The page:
Intersecting processes is a term I use to help students and researchers conceptualize directions that would address more complexity in socio-environmental studies (Taylor and García Barrios 1995; Taylor 2001c). The term addresses the same terrain as “unruly complexity”—to analyze social and environmental change as something produced by intersecting economic, social and ecological processes that operate at different scales requires attention to the ways these processes transgress boundaries and restructure “internal” dynamics, thus ensuring that socio-environmental situations do not have clearly defined boundaries and are not simply governed by coherent, internally driven dynamics. However, I use the term intersecting processes to suggest that different strands can be teased out in a somewhat disciplined fashion. This will be evident in the following presentation of a case of soil erosion in a mountainous agricultural region in Oaxaca, Mexico, which I have based on the analysis of Mexican colleagues Raúl García-Barrios and his brother Luis (García-Barrios and García-Barrios 1990).
The severe soil erosion evident now in the municipality of San Andrés is not the first occurrence of such a problem in the region. After the Spanish conquest, when the indigenous population collapsed from disease, the communities abandoned their terraced lands, which then eroded. The remaining populations moved to the valleys and adopted laborsaving practices from the Spanish, such as cultivating wheat and using plows. As the population recovered during the eighteenth and nineteenth centuries, collective institutions evolved that reestablished terraces. Erosion was reduced, soil dynamics were stabilized, and perhaps some soil accumulation was stimulated. But this type of landscape transformation needed continuous and proper maintenance. If a terrace were allowed to erode the soil would wash down and damage lower terraces; there was the potential for severe slope instability. What made the necessary maintenance possible were collective institutions, which first revolved around the Church and then, after independence from Spain, around rich Indians called caciques. These institutions mobilized peasant labor for key activities—not only maintaining terraces, but also sowing corn in work teams and maintaining a diversity of maize varieties and cultivation techniques. The caciques benefited from what was produced, but were expected to look after the peasants in hard times, a so-called moral economy (Scott 1976). Given that the peasants felt security in proportion to the wealth and prestige of their cacique, and given that prestige attached directly to each person’s role in the collective labor, the labor tended to be very efficient. In addition, peasants were kept indebted to caciques, and could not readily break their unequal relationship. The caciques insulated this relationship from change by resisting potential laborsaving technologies and ties to outside markets in maize.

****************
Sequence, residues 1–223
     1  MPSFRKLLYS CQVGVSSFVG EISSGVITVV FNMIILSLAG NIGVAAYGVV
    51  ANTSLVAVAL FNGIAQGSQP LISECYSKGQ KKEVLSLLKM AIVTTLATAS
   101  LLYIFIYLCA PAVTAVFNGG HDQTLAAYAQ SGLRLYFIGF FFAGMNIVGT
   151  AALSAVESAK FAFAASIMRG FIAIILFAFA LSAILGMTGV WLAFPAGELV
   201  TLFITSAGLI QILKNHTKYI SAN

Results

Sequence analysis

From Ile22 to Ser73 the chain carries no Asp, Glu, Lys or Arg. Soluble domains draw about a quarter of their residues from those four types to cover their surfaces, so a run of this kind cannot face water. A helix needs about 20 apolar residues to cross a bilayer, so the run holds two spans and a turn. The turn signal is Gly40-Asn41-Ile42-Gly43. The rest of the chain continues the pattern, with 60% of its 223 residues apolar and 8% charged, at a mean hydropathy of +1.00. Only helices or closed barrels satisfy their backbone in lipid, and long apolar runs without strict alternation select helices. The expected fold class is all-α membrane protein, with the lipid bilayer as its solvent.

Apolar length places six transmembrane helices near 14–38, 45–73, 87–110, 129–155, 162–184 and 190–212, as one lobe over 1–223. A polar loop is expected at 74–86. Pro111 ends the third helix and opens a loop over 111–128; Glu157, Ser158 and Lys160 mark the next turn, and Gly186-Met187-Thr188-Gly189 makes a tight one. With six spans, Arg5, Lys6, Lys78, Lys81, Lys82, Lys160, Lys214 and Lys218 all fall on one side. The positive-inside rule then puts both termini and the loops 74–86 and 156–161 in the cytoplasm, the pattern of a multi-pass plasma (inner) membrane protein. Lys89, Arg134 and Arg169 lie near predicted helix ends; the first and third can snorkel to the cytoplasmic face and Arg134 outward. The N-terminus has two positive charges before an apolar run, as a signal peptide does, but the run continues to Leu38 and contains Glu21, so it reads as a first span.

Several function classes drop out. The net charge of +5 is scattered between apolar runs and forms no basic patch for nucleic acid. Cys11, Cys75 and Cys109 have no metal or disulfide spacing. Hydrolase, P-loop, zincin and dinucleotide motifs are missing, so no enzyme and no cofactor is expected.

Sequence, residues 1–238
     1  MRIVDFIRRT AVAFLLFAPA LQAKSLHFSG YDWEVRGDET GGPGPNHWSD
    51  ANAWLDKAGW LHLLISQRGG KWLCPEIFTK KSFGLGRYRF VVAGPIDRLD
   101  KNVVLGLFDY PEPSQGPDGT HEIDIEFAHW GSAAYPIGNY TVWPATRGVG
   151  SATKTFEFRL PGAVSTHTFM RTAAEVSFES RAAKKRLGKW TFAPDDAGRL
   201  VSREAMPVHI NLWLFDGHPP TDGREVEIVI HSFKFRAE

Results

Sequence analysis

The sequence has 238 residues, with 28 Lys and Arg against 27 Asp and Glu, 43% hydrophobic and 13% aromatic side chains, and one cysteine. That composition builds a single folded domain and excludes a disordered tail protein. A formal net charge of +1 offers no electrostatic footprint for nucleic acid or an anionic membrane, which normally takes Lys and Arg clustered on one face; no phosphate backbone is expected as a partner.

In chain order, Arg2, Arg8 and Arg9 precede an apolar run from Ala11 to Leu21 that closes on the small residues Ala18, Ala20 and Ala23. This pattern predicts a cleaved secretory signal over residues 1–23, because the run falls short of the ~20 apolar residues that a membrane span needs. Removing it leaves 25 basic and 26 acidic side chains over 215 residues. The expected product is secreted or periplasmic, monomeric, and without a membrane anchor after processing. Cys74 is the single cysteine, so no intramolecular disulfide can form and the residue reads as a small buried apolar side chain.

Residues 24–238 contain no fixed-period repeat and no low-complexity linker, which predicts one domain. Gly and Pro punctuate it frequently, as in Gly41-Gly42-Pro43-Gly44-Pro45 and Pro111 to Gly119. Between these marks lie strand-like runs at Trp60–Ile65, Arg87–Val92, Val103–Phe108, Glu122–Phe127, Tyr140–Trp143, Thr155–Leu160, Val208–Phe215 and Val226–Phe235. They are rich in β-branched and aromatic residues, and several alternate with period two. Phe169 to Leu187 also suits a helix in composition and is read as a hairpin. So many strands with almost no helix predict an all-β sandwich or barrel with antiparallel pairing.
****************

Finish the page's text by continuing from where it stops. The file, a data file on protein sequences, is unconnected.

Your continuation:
The Mexican revolution ruptured the closed system of reciprocal obligations and benefits by taking away the power of the caciques and opening the communities to the changing outside world. Many peasants migrated to industrial areas, sending cash back or bringing it with them when they returned to the community for periods of time. Rural population declined; transactions became monetarized; and prestige no longer derived from one’s place in the collective labor. With the monetarization and loss of labor, the collective institutions collapsed and terraces began to erode. National food-pricing policies favored urban consumers, which meant that corn was grown only for subsistence needs in this area. Little incentive remained for intensive agricultural production. New laborsaving activities, such as goat herding, which contributes in its own way to erosion, were taken up without new local institutions to regulate them.
This is a diagram I drew to help me narrate this story to others and to highlight a number of themes pertaining to intersecting processes, which will be reviewed in subsequent posts.
Intersecting processes leading to soil erosion in San Andrés, Oaxaca (from Taylor 1997c). The dashed lines indicate connections across the different strands of the schema. The zig-zag lines indicate institutions that rely on relationships of inequality. See text for discussion.
Extracted from Taylor, Peter J. 2005. Unruly Complexity: Ecology, Interpretation, Engagement. U. Chicago Press.